Did you laugh a lot you're saying there about how you thought grief was going to be crying constantly.


You were saying how and funerals. Some people might enjoy reminiscing. And speaking of the person, I said it was Rachel Corrie that charter with. And she had said to me how they laughed constantly. And I said we laughed ridiculously over a lot with Mom for four days. And we laughed.


Yeah. And then we were angry. Yes, we laughed. We cried, but we laughed a lot.


Did you did you did you laugh at all? Did you, you know, you know, reminiscing and talking and going to remember that.


And we still we still do now. We still do. Myself and my sisters will still talk about mom like if something happens again. Can you imagine what moment that happened. Like we're in a restaurant and they got the order wrong. My mom was a waitress. I mean, like, can you imagine what mom would do? Or, you know, signs in shops meant nothing to my mother.


Like, I remember this one time I was telling the girls this story. I was about fifteen. So, you know, that like awkward teenager age where, you know, I was really close to mom.


But when she did something that was embarrassing because you're cool. She's not exactly. We were in Tesco, which was called crazy prices at the time.


And we are old. Are you right? I don't even remember that. Oh, yes. You do know what you do.


Anyway, I was in crazy prices, but more money's coming up to Christmas that year. And she decided that years she wanted the turkey boned and rolled the whole bunch.


And then we were there and there was a giant sign behind the butcher counter saying, you know, if you want your turkey, but, oh, it must be ordered by such and such a date. And it was two days past that date. Someone would miss the dates.


So I'll ring the butcher was like, no, sorry. No, you can't. And she's just said, excuse me, I'm here three times a week since you opened. And just because I've missed the date by two days, you're telling me that you can't. And I'm just moving away to fight more to fight.


She did her thing. Did she get a bone marrow course?


She did. Maureen always got what Maureen wanted, so she got it done. And then this is the cuteness over, though. The day she went over, the day it was to be collected, she wasn't going to collect it. She sent my dad and me over to collect it. So I went over retired and dad was like, oh, here it's collect, you know, the orders for Farrell. And he said, Oh, the Tigers showed her teeth last week.


I like. It's a moment I was kind of private, if you'd like, the butchers, they're all afraid of, you know, mom, they called you a tiger and said, you know, we're going to bone and roll my turkey. Quick question.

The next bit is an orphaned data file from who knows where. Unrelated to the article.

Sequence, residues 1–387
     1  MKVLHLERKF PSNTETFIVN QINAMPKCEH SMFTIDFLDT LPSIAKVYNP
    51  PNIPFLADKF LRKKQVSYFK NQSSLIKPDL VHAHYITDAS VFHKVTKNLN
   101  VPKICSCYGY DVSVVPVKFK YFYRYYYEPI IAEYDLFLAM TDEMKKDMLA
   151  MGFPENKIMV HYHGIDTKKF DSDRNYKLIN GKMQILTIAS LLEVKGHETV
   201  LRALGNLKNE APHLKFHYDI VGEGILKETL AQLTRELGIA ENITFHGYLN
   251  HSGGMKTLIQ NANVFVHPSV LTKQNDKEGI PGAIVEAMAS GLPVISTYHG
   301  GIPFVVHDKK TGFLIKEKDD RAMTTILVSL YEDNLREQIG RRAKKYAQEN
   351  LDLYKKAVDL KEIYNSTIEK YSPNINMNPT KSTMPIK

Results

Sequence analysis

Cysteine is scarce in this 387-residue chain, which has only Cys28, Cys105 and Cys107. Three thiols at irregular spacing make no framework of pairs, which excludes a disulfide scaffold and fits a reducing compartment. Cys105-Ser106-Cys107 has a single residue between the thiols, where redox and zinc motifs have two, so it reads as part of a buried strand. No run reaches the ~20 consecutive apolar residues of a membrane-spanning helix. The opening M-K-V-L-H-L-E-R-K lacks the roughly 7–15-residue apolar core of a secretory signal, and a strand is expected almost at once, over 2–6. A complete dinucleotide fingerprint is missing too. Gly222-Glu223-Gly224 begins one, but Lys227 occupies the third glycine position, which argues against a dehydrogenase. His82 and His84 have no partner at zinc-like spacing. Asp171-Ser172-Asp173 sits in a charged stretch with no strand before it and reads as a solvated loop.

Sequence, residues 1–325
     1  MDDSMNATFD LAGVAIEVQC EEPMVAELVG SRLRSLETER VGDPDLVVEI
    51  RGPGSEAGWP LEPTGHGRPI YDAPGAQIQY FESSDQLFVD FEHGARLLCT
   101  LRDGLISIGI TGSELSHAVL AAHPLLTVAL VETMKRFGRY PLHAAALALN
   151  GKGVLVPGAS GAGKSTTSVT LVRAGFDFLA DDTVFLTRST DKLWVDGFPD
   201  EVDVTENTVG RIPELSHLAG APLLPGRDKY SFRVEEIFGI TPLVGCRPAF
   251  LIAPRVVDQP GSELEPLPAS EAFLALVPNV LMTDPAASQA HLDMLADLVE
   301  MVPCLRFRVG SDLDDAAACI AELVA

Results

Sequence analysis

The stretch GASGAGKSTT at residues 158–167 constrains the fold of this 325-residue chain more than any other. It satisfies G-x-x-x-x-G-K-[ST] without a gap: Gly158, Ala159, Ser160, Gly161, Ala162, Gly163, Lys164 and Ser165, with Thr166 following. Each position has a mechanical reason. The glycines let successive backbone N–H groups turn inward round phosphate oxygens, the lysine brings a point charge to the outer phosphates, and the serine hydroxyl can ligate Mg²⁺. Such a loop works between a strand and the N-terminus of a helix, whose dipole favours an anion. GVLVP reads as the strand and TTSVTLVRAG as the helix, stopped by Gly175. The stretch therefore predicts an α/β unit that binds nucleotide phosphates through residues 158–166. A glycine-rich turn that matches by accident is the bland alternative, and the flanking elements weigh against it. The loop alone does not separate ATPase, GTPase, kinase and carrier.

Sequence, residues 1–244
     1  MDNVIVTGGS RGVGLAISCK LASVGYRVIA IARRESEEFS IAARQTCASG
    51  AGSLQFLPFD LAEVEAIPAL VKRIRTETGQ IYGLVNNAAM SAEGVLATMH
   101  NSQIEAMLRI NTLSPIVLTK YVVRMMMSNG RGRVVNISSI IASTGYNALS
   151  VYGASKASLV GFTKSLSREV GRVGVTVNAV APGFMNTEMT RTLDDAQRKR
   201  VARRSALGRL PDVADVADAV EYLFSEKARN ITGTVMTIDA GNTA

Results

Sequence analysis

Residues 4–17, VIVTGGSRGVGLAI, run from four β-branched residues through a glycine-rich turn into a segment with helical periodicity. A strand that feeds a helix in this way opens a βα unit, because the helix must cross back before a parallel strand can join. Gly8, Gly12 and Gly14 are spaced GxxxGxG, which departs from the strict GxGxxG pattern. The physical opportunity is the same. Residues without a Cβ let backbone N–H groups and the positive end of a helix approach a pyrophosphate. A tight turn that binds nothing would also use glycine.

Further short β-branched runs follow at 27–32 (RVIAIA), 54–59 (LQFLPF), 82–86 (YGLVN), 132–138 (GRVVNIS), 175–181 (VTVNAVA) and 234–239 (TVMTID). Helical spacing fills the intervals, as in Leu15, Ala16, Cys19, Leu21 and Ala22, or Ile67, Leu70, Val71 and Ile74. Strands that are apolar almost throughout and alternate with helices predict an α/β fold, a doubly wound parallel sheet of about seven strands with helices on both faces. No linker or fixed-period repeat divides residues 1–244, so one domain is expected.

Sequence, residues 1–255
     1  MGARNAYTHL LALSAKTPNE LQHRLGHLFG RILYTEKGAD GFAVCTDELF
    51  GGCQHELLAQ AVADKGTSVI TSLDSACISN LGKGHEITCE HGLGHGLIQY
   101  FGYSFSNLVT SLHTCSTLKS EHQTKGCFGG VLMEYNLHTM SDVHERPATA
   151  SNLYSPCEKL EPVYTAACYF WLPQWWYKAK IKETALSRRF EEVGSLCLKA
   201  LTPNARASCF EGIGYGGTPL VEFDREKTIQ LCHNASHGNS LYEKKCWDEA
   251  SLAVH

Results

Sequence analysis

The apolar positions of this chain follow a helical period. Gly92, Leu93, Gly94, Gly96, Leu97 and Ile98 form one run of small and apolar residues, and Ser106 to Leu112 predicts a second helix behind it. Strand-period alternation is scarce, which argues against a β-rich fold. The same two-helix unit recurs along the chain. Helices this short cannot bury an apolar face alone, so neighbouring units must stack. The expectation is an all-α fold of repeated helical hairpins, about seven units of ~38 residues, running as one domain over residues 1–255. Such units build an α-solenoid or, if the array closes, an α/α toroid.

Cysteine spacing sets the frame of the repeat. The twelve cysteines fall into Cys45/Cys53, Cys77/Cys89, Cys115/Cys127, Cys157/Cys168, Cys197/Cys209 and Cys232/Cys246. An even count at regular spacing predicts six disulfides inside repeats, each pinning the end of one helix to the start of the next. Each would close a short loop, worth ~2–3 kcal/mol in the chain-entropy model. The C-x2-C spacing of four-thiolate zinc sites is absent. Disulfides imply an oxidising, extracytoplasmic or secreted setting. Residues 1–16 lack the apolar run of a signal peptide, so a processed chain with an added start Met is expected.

Did the turkey taste like it was amazing just in case one of the best Christmas turkeys you've ever had.


But you have that memory and we can laugh about it totally. We can totally laugh with those things. And then there's another thing that every single time one of us in the family gets tipsy from wine. Right. So we have this thing and we say Toffy shopped. Right. And nobody outside of the family will know what we're talking about. Like, my sister would go, oh, I had a great time with the girls. It was a bit of a shopped.


Not just means like tipsy, merry, not drunk, just a bit. Toffee shop is merry.


It comes down to one story around. We were sitting around the dining table and we'd had like a lovely meal. I obviously was only a kid. I wasn't drinking, but my my mom and dad and my sisters were having a bit of wine. And my sister talked about a girl who she'd been in school with who had just opened up this little coffee shop.


And my mom looked confused, so strange. So I was like, no, it's doing really, really well. It's quite busy.


And my mother was like, I just don't understand why on earth would somebody open a shop thrity toffee instead of Kostic?


Oh, Ward laughing And then Mom got cross because we were all laughing at her. So ever since then it's tough. Shopped is when we're all a bit tipsy because Mom was a bit tipsy and her coffee shop as a coffee shop.


So it's good you have those memories.


It's good to have those memories or we still use them every day. Were you a religious family?


We were, yeah. We were like I went to Mass every Sunday and my mom got my Sundays and, you know, she'd go to do the stations of the cross. And I went, you know, when you had to do that on Good Friday.


And she went to Lourdes probably three times, they definitely got coffee shop in Lourdes. I can tell you, I never went. I'm the only person for a while.


Yes, but we were it wasn't an overly religious probably like us.


I ask you that because, you know, I question and guess I've questioned where do you think your mom is like and what you think she's doing?


I have to. And I have always believed I'm one of those cherrypicking Catholics who I take the stuff I want. And I ignored the stuff that I just don't agree with.


Yeah, and like boring. Everyone talks about health care now and mindfulness.


And I remember as a kid, like I'd switch off at Mass.


I didn't hear what the priest said. I think we all did, though.


I really liked the hymns, but I used to switch off and I think about school that week or it maybe a little would what had with a friend or. That was my mindfulness back then. And I think there's loads of people are missing. I'm not by the way, I'm not preaching.